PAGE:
As a cop who is very pro body cameras, I can share a few thoughts. My first thing I did as a sergeant was have my entire squad given cameras (400 officer department, only about 100 cameras purchased so far). I wore one for 3 years, but when I was promoted they took it away and gave it to a line level guy. There camera protected me against false accusations, made court way easier, and generally made"my job" much simpler. As much as I loved that, I didn't like wearing it, and here's why:
Police are morbid, dark humored people. The amount of fuckery that goes on behind closed doors is astounding, and the things we say in private about your dead/injured loved ones, or people we've sent to jail for years would probably make you very uncomfortable. That's how we survive. 90% of cops are like this. With the camera, there is no closed door, and there is no "in private." The shift this brings in culture is palpable. We once took a bunch of broken glass from a scene and took a new cops car with the spare key, left the glass on the ground, and convinced him that his police car had been stolen. None of that happens any more.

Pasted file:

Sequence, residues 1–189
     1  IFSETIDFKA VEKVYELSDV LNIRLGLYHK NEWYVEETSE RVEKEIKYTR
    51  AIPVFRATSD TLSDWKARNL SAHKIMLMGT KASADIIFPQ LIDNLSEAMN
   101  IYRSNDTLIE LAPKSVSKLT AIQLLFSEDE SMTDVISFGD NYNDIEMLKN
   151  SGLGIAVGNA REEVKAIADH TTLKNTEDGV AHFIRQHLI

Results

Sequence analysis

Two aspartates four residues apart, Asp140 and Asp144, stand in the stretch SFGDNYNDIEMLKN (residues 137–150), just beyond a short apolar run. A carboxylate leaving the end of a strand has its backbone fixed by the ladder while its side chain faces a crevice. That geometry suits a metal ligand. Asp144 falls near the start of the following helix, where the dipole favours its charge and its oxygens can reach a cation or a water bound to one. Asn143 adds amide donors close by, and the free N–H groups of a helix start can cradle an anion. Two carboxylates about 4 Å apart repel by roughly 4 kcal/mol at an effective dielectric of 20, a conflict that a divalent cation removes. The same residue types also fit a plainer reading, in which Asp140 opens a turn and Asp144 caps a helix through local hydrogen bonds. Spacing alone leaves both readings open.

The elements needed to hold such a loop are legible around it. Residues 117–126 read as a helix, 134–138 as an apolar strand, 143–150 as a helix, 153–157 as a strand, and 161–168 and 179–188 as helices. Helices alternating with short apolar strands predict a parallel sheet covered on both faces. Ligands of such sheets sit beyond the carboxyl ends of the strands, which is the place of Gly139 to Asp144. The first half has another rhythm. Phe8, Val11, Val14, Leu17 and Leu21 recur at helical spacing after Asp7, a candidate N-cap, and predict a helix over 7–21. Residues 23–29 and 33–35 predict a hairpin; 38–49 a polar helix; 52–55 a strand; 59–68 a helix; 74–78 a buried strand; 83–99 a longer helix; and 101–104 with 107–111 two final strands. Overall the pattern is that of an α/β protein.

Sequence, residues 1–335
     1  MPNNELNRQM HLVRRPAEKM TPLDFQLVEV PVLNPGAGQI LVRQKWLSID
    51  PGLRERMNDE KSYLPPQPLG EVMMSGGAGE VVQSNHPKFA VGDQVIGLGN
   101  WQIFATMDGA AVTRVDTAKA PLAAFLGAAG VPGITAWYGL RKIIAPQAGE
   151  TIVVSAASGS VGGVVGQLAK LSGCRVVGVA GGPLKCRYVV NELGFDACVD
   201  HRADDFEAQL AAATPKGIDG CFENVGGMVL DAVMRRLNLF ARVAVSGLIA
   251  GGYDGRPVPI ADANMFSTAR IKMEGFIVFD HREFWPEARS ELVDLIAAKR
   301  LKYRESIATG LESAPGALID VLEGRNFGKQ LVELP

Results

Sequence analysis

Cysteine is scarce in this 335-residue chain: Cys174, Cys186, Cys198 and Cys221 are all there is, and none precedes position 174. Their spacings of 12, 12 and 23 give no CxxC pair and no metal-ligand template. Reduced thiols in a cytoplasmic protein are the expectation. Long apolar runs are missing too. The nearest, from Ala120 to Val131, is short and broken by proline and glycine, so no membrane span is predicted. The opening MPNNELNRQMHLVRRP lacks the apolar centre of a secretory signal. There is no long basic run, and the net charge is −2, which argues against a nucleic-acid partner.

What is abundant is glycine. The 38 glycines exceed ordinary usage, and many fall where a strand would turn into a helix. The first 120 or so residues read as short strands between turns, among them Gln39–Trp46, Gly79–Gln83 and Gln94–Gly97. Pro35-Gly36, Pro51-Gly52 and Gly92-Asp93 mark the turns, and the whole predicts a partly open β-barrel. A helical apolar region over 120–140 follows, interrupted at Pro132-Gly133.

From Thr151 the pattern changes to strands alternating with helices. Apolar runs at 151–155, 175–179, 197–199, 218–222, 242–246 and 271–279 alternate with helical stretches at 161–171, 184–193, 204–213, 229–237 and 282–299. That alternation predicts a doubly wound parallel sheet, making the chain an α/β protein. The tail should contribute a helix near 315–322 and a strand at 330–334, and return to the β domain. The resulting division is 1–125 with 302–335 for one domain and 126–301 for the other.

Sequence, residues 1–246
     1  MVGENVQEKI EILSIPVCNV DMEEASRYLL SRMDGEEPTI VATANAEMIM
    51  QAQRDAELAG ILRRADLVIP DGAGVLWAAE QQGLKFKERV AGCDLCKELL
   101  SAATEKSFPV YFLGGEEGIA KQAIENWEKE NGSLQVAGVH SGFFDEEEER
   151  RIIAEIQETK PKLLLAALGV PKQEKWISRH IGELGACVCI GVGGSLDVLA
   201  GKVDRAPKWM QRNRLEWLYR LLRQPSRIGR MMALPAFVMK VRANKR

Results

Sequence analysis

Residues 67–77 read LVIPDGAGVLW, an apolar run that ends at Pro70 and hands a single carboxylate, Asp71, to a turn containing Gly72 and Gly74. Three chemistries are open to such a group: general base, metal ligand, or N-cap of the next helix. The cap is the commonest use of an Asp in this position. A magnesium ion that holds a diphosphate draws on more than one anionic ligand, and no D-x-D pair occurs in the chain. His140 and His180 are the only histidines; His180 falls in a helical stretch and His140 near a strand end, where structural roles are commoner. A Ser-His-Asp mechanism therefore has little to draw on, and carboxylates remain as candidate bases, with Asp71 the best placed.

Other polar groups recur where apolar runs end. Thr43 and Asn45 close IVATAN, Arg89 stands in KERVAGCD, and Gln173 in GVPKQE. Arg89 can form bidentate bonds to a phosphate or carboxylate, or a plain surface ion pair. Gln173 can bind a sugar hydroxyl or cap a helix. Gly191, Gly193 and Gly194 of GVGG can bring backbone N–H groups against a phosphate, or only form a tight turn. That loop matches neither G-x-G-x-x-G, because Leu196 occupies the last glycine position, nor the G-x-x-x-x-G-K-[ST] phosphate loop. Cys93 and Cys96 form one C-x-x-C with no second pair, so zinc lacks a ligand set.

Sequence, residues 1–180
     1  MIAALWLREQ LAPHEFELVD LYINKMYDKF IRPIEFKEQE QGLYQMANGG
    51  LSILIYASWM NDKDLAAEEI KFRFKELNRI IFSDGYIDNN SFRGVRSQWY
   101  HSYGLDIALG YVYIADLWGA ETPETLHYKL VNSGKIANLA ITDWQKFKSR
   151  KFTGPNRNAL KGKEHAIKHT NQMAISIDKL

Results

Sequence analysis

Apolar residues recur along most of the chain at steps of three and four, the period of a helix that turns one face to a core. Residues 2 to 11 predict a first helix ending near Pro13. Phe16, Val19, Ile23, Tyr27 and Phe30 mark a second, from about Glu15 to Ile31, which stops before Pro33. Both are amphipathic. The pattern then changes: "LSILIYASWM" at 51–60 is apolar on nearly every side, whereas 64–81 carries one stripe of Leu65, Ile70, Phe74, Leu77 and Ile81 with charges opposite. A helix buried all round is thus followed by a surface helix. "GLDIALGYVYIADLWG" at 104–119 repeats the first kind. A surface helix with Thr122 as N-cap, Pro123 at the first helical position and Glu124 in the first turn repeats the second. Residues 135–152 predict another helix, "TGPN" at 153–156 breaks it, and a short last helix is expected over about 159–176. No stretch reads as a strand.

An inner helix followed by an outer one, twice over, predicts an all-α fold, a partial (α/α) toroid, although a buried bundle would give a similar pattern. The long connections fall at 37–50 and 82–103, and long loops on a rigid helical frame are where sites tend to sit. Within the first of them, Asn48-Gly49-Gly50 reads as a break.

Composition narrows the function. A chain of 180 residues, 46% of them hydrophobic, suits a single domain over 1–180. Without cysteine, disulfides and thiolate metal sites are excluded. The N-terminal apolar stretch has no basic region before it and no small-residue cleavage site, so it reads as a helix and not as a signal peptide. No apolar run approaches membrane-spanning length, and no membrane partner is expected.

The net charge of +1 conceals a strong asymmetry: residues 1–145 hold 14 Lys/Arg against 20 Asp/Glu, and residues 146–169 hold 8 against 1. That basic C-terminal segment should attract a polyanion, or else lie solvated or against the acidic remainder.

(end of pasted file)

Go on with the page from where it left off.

With cameras, you legitimately see more guys going out drinking after shift, or huddling inside a station taking to each other rather than being on the road. Dark as it may sound, we have to have that out, and the cameras take it from us because nobody wants to get fired for making an insensitive joke.
'via Blog this'